Stem-cell debate raises "limited research dollars" question
A major bioethics conference at Catholic University of America in Washington has posed the question of whether wealthy nations should be spending large sums of money on research into diseases of the elderly at the expense of diseases such as malaria and tuberculosis, which are causing "a high rate of premature death" in developing countries.
"There are many competing demands for limited research dollars," asked Rebecca Dresser (pictured), professor of law and professor of ethics in medicine at Washington University in St Louis. "What value should be assigned to regenerative medicine?
Dresser, who also serves on the 18-member President's Council on Bioethics, spoke at this week's conference on the stem-cell debate in the United States and Germany. Other speakers included Salesian Fr Norman Ford of Melbourne's Caroline Chisholm Centre for Bioethics.
Although many of the talks at the conference focused on how stem-cell research affects the embryo, Dresser said stem-cell research "raises complex moral issues apart from the status of the human embryo."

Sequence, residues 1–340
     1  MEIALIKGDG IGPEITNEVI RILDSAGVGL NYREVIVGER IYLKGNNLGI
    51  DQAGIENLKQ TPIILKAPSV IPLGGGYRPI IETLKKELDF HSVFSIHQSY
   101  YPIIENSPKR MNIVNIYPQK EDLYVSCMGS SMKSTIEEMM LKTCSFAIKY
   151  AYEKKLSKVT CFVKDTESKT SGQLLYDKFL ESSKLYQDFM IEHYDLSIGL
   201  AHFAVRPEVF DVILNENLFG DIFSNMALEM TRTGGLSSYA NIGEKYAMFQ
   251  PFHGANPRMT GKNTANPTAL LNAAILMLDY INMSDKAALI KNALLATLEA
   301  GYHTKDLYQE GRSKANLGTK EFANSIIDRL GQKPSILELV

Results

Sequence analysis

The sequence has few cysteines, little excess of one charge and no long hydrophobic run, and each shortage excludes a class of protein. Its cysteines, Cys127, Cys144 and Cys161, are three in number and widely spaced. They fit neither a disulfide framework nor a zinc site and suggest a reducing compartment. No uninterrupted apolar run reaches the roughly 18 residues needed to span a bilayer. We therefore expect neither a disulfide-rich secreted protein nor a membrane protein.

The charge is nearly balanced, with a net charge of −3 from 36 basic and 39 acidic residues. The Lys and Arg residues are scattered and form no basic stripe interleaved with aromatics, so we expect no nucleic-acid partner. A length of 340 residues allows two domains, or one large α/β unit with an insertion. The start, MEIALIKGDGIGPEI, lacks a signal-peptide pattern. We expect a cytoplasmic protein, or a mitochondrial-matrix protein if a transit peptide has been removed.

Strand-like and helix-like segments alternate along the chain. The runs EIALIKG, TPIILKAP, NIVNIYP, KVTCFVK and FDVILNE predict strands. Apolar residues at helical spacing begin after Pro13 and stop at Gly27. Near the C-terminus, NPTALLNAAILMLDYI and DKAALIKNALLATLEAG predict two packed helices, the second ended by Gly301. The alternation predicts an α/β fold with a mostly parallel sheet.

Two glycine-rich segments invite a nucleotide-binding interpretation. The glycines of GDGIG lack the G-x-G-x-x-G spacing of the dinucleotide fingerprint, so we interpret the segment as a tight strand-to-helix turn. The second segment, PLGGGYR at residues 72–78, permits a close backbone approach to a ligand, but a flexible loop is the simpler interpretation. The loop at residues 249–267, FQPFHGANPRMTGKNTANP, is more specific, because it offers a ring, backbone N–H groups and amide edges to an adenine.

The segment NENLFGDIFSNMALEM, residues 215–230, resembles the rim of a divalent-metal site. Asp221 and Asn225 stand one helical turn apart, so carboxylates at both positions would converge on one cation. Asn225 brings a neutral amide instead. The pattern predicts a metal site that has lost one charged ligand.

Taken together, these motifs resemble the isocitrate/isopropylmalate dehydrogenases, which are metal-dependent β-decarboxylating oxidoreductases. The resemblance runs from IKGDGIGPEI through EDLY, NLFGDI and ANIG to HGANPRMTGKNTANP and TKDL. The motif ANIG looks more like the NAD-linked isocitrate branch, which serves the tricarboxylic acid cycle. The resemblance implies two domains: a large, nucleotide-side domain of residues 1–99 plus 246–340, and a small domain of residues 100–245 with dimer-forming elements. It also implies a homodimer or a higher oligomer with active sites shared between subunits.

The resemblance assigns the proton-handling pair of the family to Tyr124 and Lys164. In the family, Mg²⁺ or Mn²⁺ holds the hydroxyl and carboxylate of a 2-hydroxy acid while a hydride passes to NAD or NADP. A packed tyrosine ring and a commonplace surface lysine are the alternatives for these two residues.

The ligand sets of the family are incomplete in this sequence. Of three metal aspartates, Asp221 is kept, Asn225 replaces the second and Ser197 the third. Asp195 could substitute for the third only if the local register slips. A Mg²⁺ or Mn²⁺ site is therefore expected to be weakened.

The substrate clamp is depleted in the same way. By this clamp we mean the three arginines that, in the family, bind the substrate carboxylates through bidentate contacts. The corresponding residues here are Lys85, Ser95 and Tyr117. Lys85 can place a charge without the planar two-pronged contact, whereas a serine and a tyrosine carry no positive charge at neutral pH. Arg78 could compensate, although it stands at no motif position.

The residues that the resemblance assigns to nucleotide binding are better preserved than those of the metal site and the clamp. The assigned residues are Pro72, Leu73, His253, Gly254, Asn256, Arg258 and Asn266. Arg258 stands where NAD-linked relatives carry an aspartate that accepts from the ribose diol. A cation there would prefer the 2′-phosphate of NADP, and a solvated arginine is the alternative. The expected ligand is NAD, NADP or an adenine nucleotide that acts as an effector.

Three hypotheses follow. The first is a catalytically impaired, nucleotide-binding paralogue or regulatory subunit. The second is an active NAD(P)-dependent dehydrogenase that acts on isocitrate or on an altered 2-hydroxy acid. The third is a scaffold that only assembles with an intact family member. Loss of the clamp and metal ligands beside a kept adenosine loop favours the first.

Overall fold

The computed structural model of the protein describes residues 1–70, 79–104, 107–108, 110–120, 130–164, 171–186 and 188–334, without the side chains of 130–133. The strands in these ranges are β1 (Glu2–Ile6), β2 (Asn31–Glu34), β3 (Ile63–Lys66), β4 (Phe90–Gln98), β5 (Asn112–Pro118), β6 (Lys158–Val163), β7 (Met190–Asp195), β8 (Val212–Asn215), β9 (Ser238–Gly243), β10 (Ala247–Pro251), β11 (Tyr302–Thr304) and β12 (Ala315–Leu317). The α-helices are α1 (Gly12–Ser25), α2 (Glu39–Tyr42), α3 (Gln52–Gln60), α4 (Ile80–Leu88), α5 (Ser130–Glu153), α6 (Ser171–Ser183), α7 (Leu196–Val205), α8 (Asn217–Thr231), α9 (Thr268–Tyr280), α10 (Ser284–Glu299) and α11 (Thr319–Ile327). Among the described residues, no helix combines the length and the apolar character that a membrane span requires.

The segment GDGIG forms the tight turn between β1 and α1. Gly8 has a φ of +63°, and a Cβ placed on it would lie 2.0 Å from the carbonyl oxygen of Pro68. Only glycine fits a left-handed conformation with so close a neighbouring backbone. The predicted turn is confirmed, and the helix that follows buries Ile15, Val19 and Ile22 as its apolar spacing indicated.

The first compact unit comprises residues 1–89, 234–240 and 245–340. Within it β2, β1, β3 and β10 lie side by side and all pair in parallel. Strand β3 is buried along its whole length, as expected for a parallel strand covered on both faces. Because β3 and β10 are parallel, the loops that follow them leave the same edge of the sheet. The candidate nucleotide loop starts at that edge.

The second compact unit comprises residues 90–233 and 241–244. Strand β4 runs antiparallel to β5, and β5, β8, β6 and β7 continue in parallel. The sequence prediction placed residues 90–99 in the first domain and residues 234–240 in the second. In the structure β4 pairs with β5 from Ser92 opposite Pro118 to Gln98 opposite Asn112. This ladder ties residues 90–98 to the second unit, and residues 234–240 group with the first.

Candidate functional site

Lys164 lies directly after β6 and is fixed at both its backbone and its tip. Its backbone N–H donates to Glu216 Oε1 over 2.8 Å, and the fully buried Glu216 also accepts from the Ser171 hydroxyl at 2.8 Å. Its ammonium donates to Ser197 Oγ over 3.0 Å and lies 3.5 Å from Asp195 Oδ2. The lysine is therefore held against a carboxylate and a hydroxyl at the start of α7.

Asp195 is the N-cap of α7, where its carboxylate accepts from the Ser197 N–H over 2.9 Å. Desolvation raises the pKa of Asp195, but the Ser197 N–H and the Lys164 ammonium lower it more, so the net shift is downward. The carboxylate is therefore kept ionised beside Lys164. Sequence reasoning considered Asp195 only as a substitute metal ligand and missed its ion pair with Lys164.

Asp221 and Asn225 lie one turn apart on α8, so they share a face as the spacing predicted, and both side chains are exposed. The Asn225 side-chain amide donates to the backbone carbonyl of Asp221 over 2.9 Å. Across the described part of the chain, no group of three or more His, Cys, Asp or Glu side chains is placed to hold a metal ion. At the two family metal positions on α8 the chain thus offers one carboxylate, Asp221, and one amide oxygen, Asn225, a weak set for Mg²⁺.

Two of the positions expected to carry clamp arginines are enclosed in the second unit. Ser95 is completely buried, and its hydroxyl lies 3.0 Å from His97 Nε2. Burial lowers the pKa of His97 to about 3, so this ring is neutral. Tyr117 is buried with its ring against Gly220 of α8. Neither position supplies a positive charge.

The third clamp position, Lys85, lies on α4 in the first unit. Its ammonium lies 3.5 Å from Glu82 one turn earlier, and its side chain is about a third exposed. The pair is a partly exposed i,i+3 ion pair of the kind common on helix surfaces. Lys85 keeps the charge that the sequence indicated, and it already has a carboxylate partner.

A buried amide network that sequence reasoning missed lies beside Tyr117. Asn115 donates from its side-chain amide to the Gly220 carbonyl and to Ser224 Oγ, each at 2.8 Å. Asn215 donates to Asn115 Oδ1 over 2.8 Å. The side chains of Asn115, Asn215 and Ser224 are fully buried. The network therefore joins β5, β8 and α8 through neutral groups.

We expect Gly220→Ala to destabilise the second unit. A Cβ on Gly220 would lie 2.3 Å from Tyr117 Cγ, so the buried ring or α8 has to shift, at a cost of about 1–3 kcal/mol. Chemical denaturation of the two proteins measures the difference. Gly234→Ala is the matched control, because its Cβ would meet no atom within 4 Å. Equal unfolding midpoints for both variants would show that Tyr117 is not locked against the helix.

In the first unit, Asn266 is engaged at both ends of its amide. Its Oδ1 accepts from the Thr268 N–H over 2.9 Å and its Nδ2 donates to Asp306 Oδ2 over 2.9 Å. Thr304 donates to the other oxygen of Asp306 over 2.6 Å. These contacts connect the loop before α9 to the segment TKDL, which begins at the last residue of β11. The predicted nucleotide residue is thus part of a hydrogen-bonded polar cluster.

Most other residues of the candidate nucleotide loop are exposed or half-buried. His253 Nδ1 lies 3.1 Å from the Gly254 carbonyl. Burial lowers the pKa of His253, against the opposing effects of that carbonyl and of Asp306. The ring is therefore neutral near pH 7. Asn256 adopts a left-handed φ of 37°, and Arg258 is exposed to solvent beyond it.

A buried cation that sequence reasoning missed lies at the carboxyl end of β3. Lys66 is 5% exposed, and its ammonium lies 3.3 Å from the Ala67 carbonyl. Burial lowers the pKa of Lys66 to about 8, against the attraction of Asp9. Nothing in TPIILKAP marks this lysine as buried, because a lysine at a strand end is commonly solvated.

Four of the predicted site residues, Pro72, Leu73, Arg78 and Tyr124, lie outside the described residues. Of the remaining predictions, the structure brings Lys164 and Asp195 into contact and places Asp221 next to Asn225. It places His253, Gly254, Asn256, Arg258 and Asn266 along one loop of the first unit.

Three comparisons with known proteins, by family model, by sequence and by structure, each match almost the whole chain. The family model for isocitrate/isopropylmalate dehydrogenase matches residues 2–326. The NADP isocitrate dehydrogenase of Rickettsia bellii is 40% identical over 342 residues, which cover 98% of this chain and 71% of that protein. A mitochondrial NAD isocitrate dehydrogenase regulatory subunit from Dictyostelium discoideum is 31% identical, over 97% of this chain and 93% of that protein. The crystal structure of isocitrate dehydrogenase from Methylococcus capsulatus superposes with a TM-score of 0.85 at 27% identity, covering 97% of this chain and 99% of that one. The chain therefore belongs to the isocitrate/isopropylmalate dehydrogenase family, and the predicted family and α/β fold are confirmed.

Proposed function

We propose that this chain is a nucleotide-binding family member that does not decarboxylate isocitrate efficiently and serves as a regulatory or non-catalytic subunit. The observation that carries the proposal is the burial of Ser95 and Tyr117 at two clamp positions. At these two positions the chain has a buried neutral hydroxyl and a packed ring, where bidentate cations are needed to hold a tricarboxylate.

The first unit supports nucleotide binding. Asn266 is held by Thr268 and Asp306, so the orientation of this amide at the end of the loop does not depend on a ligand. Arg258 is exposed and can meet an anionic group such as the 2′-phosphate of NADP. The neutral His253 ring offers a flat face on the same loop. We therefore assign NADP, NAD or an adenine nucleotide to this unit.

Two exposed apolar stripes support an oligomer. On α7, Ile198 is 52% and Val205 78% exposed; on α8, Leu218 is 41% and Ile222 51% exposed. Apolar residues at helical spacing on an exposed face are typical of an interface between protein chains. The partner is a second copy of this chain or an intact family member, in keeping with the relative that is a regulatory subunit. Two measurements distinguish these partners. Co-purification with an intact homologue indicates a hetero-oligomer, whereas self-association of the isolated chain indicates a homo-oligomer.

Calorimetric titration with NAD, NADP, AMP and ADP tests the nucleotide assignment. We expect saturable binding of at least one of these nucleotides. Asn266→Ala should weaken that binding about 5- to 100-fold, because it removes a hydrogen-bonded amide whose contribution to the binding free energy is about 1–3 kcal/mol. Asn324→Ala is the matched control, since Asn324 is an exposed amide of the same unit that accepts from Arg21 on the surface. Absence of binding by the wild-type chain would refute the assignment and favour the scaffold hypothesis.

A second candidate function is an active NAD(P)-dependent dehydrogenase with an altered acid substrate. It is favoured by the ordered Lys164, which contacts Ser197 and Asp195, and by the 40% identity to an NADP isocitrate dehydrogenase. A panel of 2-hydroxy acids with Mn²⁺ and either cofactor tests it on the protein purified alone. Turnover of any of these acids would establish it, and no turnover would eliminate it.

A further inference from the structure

When development of the first line of human embryonic stem cells was announced by the University of Wisconsin in 1997, she said, "the public was happy to believe the claims of irresponsible scientists" that therapeutic uses for them "were right around the corner."
She described stem-cell research as "a new tool for basic research, not a sure cure for devastating illnesses."
"In a few years, a more realistic picture will emerge" about the potential of stem cells, she said. "But then some other line will emerge as the new miracle cure."
Stem-cell debate said to neglect some important moral issues (Catholic News Service 6/10/04)
Rebecca Susan Dresser (Faculty Biography, Washington University in St Louis)
Ethicist stresses moral inviolability of embryonic stem cells (CathNews 5/10/04)
Highlights from the talk given by Dr Norman Ford SDB at the Stem Cell Debate in Washington at the Catholic University of America on 4 October 2004
Ethics, Public Policy and Law - The Stem Cell Debate: The Federal Republic of Germany and the United States of America (Catholic University of America, Columbus School of Law)
Caroline Chisholm Centre for Health Ethics
Practical Problems with Embryonic Stem Cells (US Conference of Catholic Bishops)
8 Oct 2004